Genuine representation in literature has been a debated topic for a while now. We all (hopefully) agree representation is important for the voices of minority groups to be acknowledged, heard, and related to, but the technicalities of carrying this out are often contested. When it comes to the explicit representation of identities, readers tend to fall into one of two camps.
On the one hand, many readers believe it is more effective for characters to be described in minimal detail, leaving room to interpret the character however they choose. The reader can, instead of being explicitly excluded in terms of representation, adapt the character to themselves. A character can have any skin colour, body or sexuality the reader chooses, because what is there to stop a character being whoever the consumer wants them to be?
A recent example of this coming to the forefront of the arts world is Noma Dumezweni’s casting as Hermione Granger in the first production of Harry Potter and the Cursed Child. As a Black actress, Dumezweni’s casting was met with mixed reception, despite Granger’s skin colour never being explicitly stated at any point in the original series. Until the original book covers depicted Granger as white, there was nothing in the text to label her as such. So, what makes this artist’s interpretation correct, and why is it more valid than the casting director’s choice (which was extensively criticised)?
With no explicit diversity, however, comes the assumption there is no diversity at all. Unless it is stated, is it there? Some would argue it is not present unless addressed, hence the queerbaiting accusations thrown at J.K. Rowling for labelling Albus Dumbledore as gay long after the series was wrapped up. When the author does not fall into a minority identity, the default setting of white, able-bodied and straight is almost always assumed, tokenising any deviation from this when it is tacked on after the text has been published.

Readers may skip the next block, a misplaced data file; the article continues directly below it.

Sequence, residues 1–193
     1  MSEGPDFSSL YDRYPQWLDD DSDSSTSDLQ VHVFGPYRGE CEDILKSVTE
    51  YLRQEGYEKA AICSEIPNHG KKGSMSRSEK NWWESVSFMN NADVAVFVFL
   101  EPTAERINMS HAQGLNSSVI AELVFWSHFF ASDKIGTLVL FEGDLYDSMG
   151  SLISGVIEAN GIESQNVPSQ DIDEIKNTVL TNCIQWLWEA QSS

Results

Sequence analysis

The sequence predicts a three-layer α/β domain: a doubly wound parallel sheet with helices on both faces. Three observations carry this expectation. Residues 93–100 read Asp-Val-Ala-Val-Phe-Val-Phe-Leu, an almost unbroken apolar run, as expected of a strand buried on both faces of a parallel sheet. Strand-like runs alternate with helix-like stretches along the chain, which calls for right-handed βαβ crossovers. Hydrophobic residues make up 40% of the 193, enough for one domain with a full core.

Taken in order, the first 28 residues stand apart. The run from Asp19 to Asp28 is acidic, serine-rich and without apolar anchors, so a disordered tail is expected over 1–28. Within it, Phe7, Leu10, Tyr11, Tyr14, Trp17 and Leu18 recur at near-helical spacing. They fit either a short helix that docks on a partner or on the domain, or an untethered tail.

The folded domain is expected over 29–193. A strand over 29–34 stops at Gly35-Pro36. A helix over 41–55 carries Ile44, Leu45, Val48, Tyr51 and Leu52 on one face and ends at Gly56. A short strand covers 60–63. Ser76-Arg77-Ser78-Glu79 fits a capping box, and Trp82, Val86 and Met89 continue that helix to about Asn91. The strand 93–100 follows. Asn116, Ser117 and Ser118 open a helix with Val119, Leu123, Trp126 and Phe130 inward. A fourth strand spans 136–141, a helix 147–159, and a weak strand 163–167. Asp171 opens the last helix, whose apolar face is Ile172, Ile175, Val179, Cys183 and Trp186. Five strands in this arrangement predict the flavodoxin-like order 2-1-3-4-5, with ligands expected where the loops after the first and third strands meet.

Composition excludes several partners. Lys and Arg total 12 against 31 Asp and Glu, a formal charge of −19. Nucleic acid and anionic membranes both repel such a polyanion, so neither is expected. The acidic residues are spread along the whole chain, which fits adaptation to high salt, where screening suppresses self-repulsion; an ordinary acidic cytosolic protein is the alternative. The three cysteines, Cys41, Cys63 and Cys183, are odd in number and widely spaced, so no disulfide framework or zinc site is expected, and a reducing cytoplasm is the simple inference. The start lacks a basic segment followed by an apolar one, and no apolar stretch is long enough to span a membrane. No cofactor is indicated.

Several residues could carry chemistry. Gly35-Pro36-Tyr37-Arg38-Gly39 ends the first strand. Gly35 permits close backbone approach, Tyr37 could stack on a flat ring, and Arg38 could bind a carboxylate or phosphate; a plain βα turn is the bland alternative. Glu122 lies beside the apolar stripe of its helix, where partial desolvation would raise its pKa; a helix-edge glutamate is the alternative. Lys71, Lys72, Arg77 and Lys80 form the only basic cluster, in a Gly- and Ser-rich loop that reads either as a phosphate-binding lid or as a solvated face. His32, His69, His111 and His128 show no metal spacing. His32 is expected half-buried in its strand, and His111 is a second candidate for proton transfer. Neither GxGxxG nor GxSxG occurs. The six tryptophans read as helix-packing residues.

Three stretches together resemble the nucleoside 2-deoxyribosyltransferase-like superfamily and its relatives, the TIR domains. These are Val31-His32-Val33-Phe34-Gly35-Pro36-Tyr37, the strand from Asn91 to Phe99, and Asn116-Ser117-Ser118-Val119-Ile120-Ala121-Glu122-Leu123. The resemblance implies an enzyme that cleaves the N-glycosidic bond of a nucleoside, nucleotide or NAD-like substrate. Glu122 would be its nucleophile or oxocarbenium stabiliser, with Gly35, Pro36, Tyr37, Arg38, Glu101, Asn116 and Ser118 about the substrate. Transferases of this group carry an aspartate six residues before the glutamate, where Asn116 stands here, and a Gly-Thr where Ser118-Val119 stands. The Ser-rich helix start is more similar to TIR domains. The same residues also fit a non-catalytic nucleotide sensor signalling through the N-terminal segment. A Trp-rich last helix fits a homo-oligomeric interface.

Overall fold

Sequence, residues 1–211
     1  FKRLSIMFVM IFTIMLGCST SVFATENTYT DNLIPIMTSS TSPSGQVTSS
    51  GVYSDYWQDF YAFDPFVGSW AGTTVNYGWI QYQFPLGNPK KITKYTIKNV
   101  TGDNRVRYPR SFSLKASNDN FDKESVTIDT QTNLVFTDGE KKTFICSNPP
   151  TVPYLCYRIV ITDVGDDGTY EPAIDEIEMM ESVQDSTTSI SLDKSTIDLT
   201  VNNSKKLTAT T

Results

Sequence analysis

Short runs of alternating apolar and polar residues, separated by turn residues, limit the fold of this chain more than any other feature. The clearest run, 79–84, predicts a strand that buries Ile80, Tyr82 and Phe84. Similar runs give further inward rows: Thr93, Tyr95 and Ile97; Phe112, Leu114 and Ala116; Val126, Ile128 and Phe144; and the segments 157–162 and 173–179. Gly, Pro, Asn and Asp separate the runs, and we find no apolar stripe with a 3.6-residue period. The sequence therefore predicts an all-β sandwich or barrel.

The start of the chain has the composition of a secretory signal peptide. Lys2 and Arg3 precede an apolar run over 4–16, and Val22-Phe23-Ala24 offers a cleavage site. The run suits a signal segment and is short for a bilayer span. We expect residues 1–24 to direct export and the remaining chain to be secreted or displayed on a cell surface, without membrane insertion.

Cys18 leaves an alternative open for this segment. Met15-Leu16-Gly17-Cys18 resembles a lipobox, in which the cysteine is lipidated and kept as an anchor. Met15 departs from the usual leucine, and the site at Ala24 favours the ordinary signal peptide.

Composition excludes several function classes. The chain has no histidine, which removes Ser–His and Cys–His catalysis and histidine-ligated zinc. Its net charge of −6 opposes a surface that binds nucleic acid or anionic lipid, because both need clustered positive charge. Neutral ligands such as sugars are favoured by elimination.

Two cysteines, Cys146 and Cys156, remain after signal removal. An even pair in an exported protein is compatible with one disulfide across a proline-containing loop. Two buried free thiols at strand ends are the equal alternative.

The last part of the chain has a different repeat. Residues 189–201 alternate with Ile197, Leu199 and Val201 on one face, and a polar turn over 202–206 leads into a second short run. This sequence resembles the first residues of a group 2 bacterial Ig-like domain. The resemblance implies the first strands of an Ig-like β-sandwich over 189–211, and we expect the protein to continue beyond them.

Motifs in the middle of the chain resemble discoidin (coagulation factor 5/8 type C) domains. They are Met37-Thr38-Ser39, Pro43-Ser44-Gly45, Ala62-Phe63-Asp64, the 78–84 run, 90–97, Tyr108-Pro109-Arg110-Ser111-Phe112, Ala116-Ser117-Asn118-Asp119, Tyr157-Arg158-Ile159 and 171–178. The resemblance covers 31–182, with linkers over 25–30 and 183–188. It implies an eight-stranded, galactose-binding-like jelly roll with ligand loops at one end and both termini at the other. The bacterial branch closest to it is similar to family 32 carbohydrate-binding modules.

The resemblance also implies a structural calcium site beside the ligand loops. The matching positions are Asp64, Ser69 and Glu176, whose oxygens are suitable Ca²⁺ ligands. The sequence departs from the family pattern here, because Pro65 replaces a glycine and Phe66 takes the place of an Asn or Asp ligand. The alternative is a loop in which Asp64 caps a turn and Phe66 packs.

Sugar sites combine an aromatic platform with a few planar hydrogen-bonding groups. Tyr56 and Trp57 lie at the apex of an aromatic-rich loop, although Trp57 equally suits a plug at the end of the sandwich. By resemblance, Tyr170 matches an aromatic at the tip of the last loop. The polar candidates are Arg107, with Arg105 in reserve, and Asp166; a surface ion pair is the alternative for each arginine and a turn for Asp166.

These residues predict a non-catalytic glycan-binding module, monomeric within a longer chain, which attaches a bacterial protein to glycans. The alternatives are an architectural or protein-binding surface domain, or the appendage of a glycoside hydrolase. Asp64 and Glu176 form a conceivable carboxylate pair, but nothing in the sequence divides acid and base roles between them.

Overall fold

On the other hand, explicit representation through a character description or a plot point is often the only form of representation that carries enough weight to be meaningful. Relatability and seeing yourself in a work of literature often transcends a descriptive feature, instead being rooted more so in shared experiences associated with the community or the perception of other characters in the book, which cannot be expressed when nothing blatantly sets the character apart from others. To flip this on its head though, a character coming from a minority group can lead a life that is not defined by their identity, demonstrating that they aren’t defined as a victim to issues caused by their minority status.
It speaks volumes to people to have their identity or community represented on the page to any extent, as long as it is done accurately. Inaccurate or flawed representation is often worse than no representation at all. There is the danger for authors to treat adding diversity to their work as a box-ticking exercise in order to please people, a damaging reality that is all too real. Throwing in diversity for the sake of having it is not only ineffective, contributing nothing to the wider cause, but it also shows a detachment on the author’s part for not having conducted adequate research to connect with more readers, which is ultimately the aim of writing a story.
Essentially, there is a fine line between interpretation and explicitly highlighted diversity. Although eventually reaching a point where diversity is the default, addressing it directly and incorporating diverse characters and issues into stories is the way to go in order for it to be normalised more so. The topics and the struggles associated with the Black experience, queer experience or having a disability, as examples, will always be important diversity that needs to be upheld.